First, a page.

Amanda Katili-Niode, who serves as the special assistant to the Indonesian Minister of Environment, said intervention from the home government and the world community must play a crucial role in mitigating Indonesian’s environmental crises.

Indonesia garnered media attention when the Southeast Asian tsunami devastated its coastal areas late last year.

Katili-Niode compared the response of the Indonesian government to the tsunami with the official response to the flooding in New Orleans.

“I think it takes a lot of communication (between high-level officials and people from the affected regions). By having high-level officials there, it could raise a lot of confidence,” Katili-Niode said.

She added that Indonesia has received a lot of international aid but has been unable to distribute the resources effectively.

“We have a very low capacity to absorb sustainable development,” she said, adding that 500 coastal reconstruction projects are currently pending.

In addition to dealing with the environmental consequences of the tsunami, Indonesia is also struggling to curb the dumping of hazardous waste and deforestation caused by its neighbors.

“Many of our neighboring countries have been dumping hazardous wastes on our islands because they say that they are hazardous to their countries,” Katili-Niode said with a laugh. Deforestation, which contributes to habitat loss and water runoff, is also a result of “Not In My Back Yard” – illegal logging conducted by companies from nearby countries that has contributed to the shrinking of Indonesian forests.

“A lot of them say that it is a private-to-private matter,” she said of the international community’s reaction when the Indonesian government asked them to take responsibility for the dumping of waste and illegal logging.

But Katili-Niode said the governments of the nations contributing to the pollution should intervene to protect Indonesia’s environment.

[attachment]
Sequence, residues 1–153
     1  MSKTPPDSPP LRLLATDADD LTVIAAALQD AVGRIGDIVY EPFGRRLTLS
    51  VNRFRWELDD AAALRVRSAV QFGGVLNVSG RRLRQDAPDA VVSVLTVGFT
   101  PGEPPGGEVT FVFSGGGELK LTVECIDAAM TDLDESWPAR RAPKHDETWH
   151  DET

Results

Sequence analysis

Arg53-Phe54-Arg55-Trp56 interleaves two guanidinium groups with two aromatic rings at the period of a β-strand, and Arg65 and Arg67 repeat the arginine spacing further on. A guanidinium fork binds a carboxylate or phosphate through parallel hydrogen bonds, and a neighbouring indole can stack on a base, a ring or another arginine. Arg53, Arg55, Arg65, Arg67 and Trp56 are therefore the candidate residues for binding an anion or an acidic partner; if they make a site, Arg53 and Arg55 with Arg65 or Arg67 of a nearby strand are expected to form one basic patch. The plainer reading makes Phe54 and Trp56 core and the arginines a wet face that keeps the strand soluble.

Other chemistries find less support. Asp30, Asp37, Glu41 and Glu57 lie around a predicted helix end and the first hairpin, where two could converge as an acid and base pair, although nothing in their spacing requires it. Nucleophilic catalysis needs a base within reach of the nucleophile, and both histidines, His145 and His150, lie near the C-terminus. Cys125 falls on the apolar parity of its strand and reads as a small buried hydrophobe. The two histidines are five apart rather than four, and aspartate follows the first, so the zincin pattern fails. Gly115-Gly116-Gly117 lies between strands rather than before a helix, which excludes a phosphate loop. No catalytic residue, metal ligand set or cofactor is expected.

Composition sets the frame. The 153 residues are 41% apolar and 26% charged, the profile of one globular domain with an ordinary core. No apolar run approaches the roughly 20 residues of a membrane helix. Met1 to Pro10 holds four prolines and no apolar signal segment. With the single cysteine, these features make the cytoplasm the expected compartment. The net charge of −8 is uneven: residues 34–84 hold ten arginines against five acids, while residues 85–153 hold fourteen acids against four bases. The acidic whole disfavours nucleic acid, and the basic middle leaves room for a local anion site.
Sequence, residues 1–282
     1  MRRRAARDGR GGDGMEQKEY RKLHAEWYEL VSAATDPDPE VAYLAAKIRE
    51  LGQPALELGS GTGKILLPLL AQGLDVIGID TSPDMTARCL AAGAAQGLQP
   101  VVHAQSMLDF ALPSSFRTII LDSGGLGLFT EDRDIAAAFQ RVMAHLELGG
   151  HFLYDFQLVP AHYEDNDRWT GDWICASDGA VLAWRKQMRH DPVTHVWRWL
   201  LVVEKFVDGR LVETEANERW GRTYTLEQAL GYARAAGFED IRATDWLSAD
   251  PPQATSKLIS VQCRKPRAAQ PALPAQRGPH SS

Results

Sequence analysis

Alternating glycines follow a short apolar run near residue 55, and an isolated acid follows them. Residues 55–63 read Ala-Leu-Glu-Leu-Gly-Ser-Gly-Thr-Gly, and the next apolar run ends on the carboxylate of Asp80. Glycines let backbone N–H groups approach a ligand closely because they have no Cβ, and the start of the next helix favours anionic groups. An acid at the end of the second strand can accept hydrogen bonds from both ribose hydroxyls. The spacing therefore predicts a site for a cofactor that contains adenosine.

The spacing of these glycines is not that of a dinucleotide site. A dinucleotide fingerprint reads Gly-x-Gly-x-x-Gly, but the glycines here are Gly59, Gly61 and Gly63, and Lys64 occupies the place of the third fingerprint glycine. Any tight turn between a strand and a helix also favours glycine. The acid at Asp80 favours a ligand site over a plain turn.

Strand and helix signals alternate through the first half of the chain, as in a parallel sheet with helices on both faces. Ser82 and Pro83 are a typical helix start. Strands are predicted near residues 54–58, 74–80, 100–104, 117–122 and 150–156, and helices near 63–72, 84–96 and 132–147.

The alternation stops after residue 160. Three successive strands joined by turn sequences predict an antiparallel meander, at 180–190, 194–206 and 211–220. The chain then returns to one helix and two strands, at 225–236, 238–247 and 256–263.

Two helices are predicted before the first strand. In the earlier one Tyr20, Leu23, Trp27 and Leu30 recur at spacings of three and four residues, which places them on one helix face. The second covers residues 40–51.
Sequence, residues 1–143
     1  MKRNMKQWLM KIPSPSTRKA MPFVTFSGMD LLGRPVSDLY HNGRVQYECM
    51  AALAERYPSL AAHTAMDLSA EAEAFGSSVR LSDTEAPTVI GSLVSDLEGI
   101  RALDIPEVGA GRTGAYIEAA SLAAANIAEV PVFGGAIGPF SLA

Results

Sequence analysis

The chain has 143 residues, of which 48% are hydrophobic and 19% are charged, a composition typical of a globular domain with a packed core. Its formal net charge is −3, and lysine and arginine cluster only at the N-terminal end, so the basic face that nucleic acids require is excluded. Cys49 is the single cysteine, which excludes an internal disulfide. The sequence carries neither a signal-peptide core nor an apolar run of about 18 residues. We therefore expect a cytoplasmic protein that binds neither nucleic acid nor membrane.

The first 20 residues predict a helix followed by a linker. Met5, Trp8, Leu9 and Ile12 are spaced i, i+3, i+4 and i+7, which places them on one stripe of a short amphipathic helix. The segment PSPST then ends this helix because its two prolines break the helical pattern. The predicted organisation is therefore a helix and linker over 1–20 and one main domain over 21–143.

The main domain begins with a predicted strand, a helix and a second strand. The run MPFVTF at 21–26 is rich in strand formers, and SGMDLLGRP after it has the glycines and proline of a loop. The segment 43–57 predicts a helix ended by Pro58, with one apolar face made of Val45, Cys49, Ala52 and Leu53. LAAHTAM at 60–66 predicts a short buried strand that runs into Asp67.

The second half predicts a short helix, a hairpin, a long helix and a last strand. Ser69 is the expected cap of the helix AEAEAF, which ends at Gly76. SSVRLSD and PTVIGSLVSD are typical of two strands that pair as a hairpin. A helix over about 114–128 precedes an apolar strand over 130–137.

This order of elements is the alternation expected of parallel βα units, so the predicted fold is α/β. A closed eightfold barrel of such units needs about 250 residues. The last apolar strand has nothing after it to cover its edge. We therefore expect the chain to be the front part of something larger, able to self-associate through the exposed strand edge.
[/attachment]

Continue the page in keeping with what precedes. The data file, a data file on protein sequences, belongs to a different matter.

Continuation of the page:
The decentralization of the government – regional governments are autonomous – and the lack of human resources, have made it difficult for the island nation to monitor compliance with environmental policies.

“We have 70,000 islands, and no one has the time and resources to look after them,” Katili-Niode said.

Indonesia is currently receiving help from other countries, especially Germany, to build a reliable infrastructure – including labs to measure progress toward environmental goals – to improve communication between national and regional governments.

“We try to give the regional governments some technical assistance, as well as coordination assistance,” Katili-Niode said.

Indonesia pioneered the Environmental Performance Rating Program, in which businesses participate voluntarily in letting the government evaluate how well they are complying with environmental codes. The program is effective because the rating is highly valued in Indonesia; companies that receive bad ratings usually lose stockholders.

According to Katili-Niode, the program has been adopted by Mexico and other nations.

Katili-Niode was invited to speak by the University’s Center for Southeast Asian Studies after she attended the United Nations World Summit last week.

“I think it is a good opportunity to hear from an alumni who is involved with the environmental issues in Indonesia to talk to us,” center Director Linda Lim said. “We hope to build a relationship with Indonesia in the environmental area.”

The School of Natural Resources and Environment sponsored the event with the Center for Southeast Asian Studies and the Stephen M. Ross School of Business.

“We have a number of collaborative projects in other countries, and I hope to hear more of the technical issues and policy issues in Indonesia,” said Jim Diana, associate dean of the SNRE.

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